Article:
The Future History Cycle
Virgin Books
The Pit
The Future History Cycle Part Four

Author Neil Penswick Cover image
ISBN# 0 426 20378 X
Published 1993
Cover Peter Elson

Synopsis: While investigating the tragedy of the destruction of the Seven Planets, the Doctor is thrown into an alternate universe. Teaming up with William Blake, they are present at the Whitechapel murders and UNIT's investigation at Stonehenge. On the Seven Planets, the ancient Time Lord Kopyion is trying to prevent the ancient enemy Yssgaroth from entering our universe. But what is Kopyion's true relationship with the Doctor and the destruction of the Seven Planets?


A Review by Finn Clark 11/3/99

Today, I read The Pit for the second time. I first read it many years ago, on its first release, and I thought it was the biggest pile of steaming dinosaur droppings I'd ever experienced. Time has mellowed me. The dinosaur droppings have dried out and are no longer steaming. Here are my carefully despoilered thoughts...

In many ways, The Pit is a violently experimental book. The difference between this and Scarlet Empress, of course, is that the latter knows what it's doing and is entertaining at the same time. The Pit fails horribly in many ways, but that doesn't detract from the fact that what it's trying to do is actually quite interesting.

Its biggest failing is the characterisation. The Doctor is an ineffectual, random figure, being buffetted from pillar to post. Benny is unrecognisable. All but one of the incidental characters are insipid cardboard cutouts who fade from the memory as you turn the page. William Blake is a little more interesting than that, but even he doesn't actually do very much. No one ever does anything, they just go horrible places and die every so often.

One thing that hurts Penswick's characterisation is the style. Unrecognisable though she is, Benny is the only person who manages to sustain a stretch of text from her point of view. Elsewhere, the viewpoint gently drifts out of the characters' heads to float above them, observing dispassionately. The odd glimpse of someone's thoughts doesn't alter the basic fact that this is a camera's-eye narrative, deeply uninvolving and even sometimes alienating. Brecht would have loved it.

The characterisation of the Doctor is a special case. Sometimes it's just bad, but the explanations and justifications are there if you look for them. He mentions a "void in his mind" that worries him, while the final page sees him getting almost unbalanced in insisting that he and the TARDIS are perfectly all right. This ties in nicely with the Future History Cycle of Ace leaving and something wrong with the TARDIS, but I only knew that because I'd read all the Virgin novels before. It's never explained within the book itself and a casual reader's impression would certainly be of a naive, passive, ineffectual Doctor who can't even manage to <SPOILER SNIPPED> at the end. That bit didn't particularly shock me, by the way, partly because I knew it was coming and partly because it's so in-character for the confused, incapable Doctor this book presents. It's also over and done with very quickly.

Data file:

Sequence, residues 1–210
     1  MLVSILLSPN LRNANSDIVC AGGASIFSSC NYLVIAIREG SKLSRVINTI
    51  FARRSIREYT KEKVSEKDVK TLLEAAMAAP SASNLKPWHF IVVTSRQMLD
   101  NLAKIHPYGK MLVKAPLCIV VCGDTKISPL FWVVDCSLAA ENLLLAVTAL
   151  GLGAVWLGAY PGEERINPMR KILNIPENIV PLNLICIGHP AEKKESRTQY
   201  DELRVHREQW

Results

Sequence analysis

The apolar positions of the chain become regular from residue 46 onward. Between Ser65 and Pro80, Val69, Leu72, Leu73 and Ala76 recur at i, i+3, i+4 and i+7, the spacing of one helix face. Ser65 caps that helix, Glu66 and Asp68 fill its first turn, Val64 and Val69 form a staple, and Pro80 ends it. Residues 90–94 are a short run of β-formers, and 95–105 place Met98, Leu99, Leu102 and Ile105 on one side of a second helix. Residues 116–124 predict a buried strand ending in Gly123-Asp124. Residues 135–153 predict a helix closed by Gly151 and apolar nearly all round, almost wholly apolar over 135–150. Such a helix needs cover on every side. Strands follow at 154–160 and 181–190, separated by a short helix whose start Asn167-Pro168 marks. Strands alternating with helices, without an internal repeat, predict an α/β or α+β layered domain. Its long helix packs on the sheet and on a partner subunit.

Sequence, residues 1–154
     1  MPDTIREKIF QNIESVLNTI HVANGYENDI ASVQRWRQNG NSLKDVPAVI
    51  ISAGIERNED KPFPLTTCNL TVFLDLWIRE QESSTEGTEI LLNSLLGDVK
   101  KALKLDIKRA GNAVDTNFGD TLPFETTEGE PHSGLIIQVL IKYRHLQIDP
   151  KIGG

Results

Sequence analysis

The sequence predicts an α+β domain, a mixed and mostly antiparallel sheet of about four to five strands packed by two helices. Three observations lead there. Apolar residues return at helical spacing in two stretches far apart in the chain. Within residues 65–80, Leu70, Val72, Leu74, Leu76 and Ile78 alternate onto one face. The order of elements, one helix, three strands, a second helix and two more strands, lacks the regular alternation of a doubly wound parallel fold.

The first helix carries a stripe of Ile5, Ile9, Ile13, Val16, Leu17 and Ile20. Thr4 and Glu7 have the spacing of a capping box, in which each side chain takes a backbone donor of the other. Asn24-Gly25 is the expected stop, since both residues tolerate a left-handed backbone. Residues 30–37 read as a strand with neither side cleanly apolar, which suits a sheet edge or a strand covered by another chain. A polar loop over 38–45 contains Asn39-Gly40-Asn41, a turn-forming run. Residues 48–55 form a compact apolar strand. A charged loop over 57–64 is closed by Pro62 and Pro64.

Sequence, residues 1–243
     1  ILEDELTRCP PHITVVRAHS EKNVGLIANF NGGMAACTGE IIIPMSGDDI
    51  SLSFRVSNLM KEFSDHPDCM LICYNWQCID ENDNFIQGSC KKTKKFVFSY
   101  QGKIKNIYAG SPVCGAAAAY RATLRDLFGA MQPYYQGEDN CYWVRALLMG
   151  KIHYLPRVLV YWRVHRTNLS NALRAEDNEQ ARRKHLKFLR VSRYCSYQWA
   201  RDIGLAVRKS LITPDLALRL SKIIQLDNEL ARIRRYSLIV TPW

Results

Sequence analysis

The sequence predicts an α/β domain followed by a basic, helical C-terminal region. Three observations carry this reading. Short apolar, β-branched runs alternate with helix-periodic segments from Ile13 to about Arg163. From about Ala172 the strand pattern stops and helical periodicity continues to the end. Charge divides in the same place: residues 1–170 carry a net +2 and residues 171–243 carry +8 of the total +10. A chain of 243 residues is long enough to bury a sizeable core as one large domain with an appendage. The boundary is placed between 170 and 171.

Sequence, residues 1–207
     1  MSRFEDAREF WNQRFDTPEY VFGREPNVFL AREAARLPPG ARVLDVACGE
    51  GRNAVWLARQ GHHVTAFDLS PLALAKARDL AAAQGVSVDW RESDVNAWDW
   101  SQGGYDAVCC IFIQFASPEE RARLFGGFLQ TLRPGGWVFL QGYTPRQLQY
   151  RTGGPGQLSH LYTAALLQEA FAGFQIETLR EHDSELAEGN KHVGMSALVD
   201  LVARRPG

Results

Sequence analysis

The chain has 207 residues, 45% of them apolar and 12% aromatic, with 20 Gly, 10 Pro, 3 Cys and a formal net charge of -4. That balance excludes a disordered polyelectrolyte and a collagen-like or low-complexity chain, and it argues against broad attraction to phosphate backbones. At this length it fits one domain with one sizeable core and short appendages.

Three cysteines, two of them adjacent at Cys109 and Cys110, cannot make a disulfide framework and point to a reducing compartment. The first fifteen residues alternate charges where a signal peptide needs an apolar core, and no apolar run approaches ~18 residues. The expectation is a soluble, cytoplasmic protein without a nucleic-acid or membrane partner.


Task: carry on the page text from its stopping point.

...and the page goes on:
What else is there? A horrendous cliche! The Time Lords have a secret which they have tried to hide! Is that possible? Groan... Some people would claim that a cliche can't be a cliche the first time it's used, but I disagree. A cliche is basically lazy writing, using the first easy idea that comes to hand. Doctor Who novels were still new and hadn't had time to lay in a recognised stock of cliches when The Pit came out, but this is still bad. As I said, you groan. There's yet another legendary figure from ancient mythology (Liall a Mahajetsu, for all you namecheckers out there). It works, sort of, but its presentation has a wide-eyed naivete that will make a more experienced Who reader want to snarl and kick puppies.

So what is good about The Pit? It's a mood piece. Even when it has the seventh Doctor namecheck Ken Dodd, that doesn't raise a smile. Everything is delivered deadpan and completely serious. This is Doctor Who from the incredibly short-lived era before the novels became self-aware. Reading The Pit is all about the atmosphere and the images. There's some wonderful evocations in there, conjuring up Hell in many different guises for us to gaze on, appalled. There's a well of souls and a land of typewriter creatures that would make Paul Magrs proud. There's Platonic philosophy: shadows on the cave wall and Philosopher Kings. If Scarlet Empress is the Arabian Nights of Doctor Who, then this is its "Book of Revelation." It's doom and gloom rammed to the hilt. It's just a crying shame that so much of it is utterly forgettable.

In many ways it's Lovecraft, stretched out. It's got a Lovecraftian theme with Lovecraftian utterly alien monsters from beyond (Yssgaroth). It just so happened that this was written before Who books officially embraced HPL, but this is certainly a million times more Lovecraftian than other Who books that just namecheck the monsters and leave it at that. Lovecraft was better at atmosphere than character too. There's also a wonderful accumulation of details, finding sinister significance in the insignificant. The Fellowship medallion will eventually chill your blood, and the chain of murders across time and space is distinctly unsettling.

As a Doctor Who book it's refreshingly different. You couldn't write anything as... well, innocent as this any more. It's just a shame that it's not very good. Even as Who lore it slips up -- the Doctor is over a thousand years old here and Neil Penswick can't spell Terileptil...

A Review by Andrew McCaffrey 21/5/02

"Outside, the poet turned to the Doctor and raged at him. Why had they gone into that building, asked a stupid question and then left? It didn't make sense." -- THE PIT, page 149.